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Liz Irving: Great the way it is

Liz Irving, a former world no.2, one of the sport’s top coaches and coach to World Champion Nicol David is critical of the WISPA move to PAR 11

"Why does the club player get addicted to this wonderful game of squash? I have had a racket in my hand for 41 years – from the age of two – and I still love the game! I love what it stands for and what it gives you as a person. You learn so much about yourself as you struggle away: how to control your emotions, solve problems and deal with pressure. You are forever learning how to better yourself.

The women’s game over the last 20 years has been all about building credibility. The men in ‘my’ day did not want a women’s event attached to their events. We were the poor relations and were put under a lot of pressure to follow the men’s way of scoring (PAR to 15) – or we wouldn’t even have events in certain countries.

Later we decided as a group that this didn’t enhance our game or give us TV exposure or generate more top women's events. We felt that the time had come to stand alone and not be put on the back courts at men’s events. On top of that we believed that traditional scoring was the best way to ensure the quality of matches.

Today, I think the women’s game is great the way it is. The length of matches is right and the women are supporting their own events well. With traditional scoring it is always possible for there to be a great comeback. How satisfying it is to come back from 8/0 down and win a game ... especially the fifth! And on the other hand, how soul destroying it is to lose those matches. This is what makes great squash.

In all sports you have the defender and the attacker. Traditional scoring allows this to hold true for squash. You see a game develop strategically. You also see players rewarded with a point for good strategy.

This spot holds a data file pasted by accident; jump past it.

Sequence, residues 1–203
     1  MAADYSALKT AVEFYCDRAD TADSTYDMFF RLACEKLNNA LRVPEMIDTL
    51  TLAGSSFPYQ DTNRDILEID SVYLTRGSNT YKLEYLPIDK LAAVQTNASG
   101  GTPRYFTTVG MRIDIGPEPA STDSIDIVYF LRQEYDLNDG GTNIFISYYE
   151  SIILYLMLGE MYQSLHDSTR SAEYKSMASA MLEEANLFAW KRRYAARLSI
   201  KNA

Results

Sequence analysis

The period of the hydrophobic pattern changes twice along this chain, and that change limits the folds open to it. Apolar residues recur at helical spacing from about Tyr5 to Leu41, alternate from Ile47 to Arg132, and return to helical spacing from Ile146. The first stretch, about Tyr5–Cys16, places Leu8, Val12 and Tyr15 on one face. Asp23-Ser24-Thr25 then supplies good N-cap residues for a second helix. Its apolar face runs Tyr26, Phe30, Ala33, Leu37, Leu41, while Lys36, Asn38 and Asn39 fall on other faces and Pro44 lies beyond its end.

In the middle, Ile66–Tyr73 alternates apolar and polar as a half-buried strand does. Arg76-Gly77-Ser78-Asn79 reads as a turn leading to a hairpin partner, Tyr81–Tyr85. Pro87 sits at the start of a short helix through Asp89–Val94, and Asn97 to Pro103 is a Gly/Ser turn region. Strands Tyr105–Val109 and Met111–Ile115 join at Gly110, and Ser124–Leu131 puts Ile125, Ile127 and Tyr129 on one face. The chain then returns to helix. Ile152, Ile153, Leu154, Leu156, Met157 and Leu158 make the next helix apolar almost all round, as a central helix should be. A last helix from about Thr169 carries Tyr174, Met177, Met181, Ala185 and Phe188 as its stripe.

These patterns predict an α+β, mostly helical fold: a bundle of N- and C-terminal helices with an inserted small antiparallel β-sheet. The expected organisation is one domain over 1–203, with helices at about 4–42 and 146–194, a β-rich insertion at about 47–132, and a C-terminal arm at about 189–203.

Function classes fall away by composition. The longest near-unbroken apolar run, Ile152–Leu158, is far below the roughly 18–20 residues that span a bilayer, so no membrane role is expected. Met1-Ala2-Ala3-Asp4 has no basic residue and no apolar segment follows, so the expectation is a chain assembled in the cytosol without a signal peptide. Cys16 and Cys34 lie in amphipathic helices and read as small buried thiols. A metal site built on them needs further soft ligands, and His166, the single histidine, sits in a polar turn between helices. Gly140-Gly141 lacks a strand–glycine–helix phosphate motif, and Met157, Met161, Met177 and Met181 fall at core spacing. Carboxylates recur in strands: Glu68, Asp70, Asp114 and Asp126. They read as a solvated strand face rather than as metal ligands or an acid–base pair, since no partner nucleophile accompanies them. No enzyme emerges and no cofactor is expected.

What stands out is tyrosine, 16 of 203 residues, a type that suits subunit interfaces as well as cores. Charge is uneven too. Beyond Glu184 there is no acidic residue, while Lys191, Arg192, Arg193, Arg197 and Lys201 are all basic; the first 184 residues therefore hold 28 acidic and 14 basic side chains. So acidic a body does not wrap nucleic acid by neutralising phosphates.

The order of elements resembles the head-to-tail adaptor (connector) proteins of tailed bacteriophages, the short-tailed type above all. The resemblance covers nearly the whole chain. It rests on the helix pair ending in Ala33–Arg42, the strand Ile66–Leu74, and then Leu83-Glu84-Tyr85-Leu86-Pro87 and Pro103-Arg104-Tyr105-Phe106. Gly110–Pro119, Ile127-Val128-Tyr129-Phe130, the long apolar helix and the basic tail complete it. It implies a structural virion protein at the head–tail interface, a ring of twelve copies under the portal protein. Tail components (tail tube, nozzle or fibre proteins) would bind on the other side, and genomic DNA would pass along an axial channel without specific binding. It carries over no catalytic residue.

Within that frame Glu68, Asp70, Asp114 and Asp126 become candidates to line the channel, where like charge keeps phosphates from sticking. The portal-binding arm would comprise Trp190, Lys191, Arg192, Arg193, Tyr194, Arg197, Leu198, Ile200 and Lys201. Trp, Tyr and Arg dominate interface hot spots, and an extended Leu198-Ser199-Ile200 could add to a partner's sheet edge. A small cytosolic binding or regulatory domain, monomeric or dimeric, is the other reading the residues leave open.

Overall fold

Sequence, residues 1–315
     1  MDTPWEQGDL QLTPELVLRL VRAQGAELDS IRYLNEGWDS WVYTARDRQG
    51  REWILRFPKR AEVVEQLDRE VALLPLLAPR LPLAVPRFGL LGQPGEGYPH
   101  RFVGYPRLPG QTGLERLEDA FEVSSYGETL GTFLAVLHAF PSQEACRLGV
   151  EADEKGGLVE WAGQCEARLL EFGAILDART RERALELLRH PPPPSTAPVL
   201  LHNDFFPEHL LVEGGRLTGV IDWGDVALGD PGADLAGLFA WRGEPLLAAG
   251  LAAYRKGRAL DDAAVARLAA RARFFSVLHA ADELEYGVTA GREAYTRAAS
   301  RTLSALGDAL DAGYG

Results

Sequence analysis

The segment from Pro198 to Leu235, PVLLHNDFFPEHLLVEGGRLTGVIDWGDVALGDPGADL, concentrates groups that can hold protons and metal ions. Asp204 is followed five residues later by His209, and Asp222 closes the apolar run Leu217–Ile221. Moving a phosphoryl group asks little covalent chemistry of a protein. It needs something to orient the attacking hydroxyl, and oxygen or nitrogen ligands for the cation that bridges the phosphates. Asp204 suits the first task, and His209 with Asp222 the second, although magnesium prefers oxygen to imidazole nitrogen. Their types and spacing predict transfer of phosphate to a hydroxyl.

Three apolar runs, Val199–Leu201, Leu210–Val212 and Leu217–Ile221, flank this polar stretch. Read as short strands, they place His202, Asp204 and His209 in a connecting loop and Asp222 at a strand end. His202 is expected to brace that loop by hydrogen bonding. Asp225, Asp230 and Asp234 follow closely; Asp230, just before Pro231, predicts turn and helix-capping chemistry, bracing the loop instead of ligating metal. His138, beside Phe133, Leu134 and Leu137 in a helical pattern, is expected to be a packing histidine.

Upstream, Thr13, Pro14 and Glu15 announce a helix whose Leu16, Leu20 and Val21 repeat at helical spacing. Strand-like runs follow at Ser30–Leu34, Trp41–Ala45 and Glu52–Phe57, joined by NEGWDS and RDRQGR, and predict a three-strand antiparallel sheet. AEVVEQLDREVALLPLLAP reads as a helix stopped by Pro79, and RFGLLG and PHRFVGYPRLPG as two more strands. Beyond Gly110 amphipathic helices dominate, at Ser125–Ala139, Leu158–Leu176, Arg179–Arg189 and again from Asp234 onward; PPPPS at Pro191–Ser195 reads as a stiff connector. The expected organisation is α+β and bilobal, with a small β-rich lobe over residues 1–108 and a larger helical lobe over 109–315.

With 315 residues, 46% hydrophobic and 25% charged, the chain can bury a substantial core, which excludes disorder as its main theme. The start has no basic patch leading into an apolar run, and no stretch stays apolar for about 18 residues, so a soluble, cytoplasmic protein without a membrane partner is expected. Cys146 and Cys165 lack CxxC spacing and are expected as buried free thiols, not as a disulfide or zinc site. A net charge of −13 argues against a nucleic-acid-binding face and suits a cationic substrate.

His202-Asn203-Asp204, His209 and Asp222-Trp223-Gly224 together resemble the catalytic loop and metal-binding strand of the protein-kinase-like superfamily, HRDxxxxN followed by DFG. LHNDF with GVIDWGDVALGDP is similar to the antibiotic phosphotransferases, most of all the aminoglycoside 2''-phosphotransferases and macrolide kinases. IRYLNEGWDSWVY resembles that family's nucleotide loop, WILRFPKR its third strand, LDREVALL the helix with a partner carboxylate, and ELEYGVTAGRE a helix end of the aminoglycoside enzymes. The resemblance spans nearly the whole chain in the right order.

Men are and always will be at a completely different physical level from women and shortening the women's matches will, I feel, detract from their credibility as athletes and generally. It will make the sport look easy – and who wants to travel to watch a ten-minute match, whether it be a first round or a final?

I also feel that PAR to 11 scoring will lower the quality of the game, as it will be hard sometimes to see any substance in a match. I have seen many of the top players throw games or matches when there is no chance of recovering a deficit – which certainly does not go down well with the paying public.

I find it hard to believe that people cannot understand the simple concept of winning a point when you are the server. Squash is an intelligent sport and there is nothing better than playing in front of an understanding, articulate crowd.

The aim of a unified scoring system seems to be to get squash into the Olympics in perhaps eight years’ time, which I would love to see. But if the move to pro scoring does not achieve Olympic status for squash, enhance the women's tour, improve credibility, increase worldwide exposure or guarantee top-level events, then I hope we can revert to traditional scoring before all that we worked for is lost!"

Liz Irving

--Interview by Squash Player